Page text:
This is part two of our Reading for Writing series: find part one here!
Okay, so you’ve made note of what moves you. You get a sense of how what you read makes you feel. You’re inspired to try and capture that sense of amazement, that shiver those words can impart down your spine. But how do you do that?
Practice! I hate to say it, but practice makes perfect.
Poets know this best of all. Many poets spend hours agonizing over the editing of a single line, and no one knows better than them how a single word can make all the difference. Like musicians, they often lean into what feels right – regardless of what anyone else might say about grammar, word choice, metaphor, or imagery.
So, practice like a poet!
Reading for Writing
1. Start with a single sentence – then build out the context
Say you want to write an impactful scene – maybe your heroine has recently discovered her will to try again. You could spend hours writing paragraphs upon paragraphs that describe exactly what inspired her to keep going, but I want you to try and capture it in a single sentence. It can be descriptive, simple, metaphorical, or short and to the point: “She took another step forward.”
Not convinced? Such a simple sentence may look ineffective here, but imagine if it stood alone after a paragraph detailing the brutal scenes of battle, or of a (literal) uphill struggle to the very peak of a dangerous mountain (yes, I do love Lord of the Rings, thanks for noticing).
The sentence itself can stand alone, too. But context makes it all the richer. Follow your intuition – it will (most likely) lead your writing down a powerful path.
2. Words, words, words
Word choice matters. If you find yourself exhausted by which word to use, don’t reach for the thesaurus – go with your gut. Think of those poets I mentioned: despite popular belief, they don’t all insert the most flowery language possible into their poems. Rather, they choose words that fit the rhythm and cadence of the poem, regardless of their presumed meaning or grammatical placement. Did you know that Shakespeare, for example, recorded over 1,700 words for the first time through his works – many of them being words he invented?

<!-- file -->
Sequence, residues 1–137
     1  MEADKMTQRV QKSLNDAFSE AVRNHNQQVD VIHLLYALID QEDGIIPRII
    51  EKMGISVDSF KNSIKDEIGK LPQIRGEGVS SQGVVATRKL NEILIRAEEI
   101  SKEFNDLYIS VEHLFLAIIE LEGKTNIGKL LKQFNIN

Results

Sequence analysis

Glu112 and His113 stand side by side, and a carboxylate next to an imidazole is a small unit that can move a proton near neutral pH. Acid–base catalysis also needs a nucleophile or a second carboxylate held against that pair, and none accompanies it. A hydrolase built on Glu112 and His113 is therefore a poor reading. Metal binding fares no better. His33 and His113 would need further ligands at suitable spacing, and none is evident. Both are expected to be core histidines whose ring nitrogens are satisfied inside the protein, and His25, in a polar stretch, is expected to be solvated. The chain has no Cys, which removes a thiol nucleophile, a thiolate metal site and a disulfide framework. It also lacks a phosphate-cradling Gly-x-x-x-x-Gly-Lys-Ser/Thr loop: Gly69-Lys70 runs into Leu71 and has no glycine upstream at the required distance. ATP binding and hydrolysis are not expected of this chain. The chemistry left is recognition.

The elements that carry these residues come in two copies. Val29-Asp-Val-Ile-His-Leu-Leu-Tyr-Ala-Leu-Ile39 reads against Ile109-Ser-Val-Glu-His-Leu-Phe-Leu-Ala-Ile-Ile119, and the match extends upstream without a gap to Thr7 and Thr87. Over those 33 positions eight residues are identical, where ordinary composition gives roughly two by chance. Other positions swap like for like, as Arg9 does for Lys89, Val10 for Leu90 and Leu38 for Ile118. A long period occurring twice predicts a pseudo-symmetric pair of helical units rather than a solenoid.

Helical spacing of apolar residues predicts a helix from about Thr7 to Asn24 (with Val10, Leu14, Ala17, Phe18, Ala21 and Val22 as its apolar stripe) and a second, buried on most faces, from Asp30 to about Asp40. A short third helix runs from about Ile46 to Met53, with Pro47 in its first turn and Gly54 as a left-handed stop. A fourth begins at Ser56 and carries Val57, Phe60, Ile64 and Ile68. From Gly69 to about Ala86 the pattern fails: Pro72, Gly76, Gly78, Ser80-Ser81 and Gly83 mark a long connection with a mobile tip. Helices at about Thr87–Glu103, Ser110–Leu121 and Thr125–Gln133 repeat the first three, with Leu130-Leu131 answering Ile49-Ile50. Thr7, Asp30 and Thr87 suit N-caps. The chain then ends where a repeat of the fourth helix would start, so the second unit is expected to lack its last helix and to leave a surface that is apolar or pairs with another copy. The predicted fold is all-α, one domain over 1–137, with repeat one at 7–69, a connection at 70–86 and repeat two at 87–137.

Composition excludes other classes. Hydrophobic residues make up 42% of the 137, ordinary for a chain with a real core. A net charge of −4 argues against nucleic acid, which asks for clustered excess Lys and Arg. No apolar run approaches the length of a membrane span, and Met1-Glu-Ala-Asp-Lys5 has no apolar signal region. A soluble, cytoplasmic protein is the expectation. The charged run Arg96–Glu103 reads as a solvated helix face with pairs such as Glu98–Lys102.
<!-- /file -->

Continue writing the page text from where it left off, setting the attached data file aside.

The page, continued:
Now, I’m not telling you to write a new dictionary. But I am inviting you to go with the flow: write what you write, and don’t agonize over the word itself. That’s what editing (or your editor) is there for!
3. Remember the “body” of the work itself
Last time, we talked about writing’s effect on the human body. However, the writing itself is a body, of sorts – it has a skeleton, a structure that holds it all together. If all the components of the skeleton are there, the story will be able to move forward. If not, it may need some adjustment or some assistance.
Plotless novels exist. Poetry does not always have what we may think of as a story. A work of non-fiction may be as meandering and beautifully unpolished as a diary entry. But that does not mean these pieces do not have structure – there is a unique structure to every piece of writing, even if it is not always apparent.
And, if you’re still concerned – get in touch with a dedicated reader or readers willing to offer some feedback, or, of course, an editor!
I recommend the following books and individual works to help you challenge your understanding of the “body” of work (and your vocabulary, too):
- A History of My Brief Body by Billy-Ray Belcourt (memoir)
- Pond by Claire-Louise Bennett (“plotless” fiction)
- The Glass Essay by Anne Carson (narrative poetry)
- Thou by Aisha Sasha John (narrative poetry)
- When You Ask Me Where I’m Going by Jasmin Kaur (novel in verse)
- I Am the Horrible Goose That Lives in the Town by Daniel M. Lavery (satirical short fiction)
- Dreaming of You by Melissa Lozada-Oliva (novel in verse)
- Washes, Prays by Noor Naga (novel in verse)
These are just a few of many works that can be a source of inspiration and of help in understanding how reading can benefit your writing practice.
Next, we’ll discuss more in-depth how reading outside of your comfort zone can benefit you as a writer. Until then, happy writing (and reading)!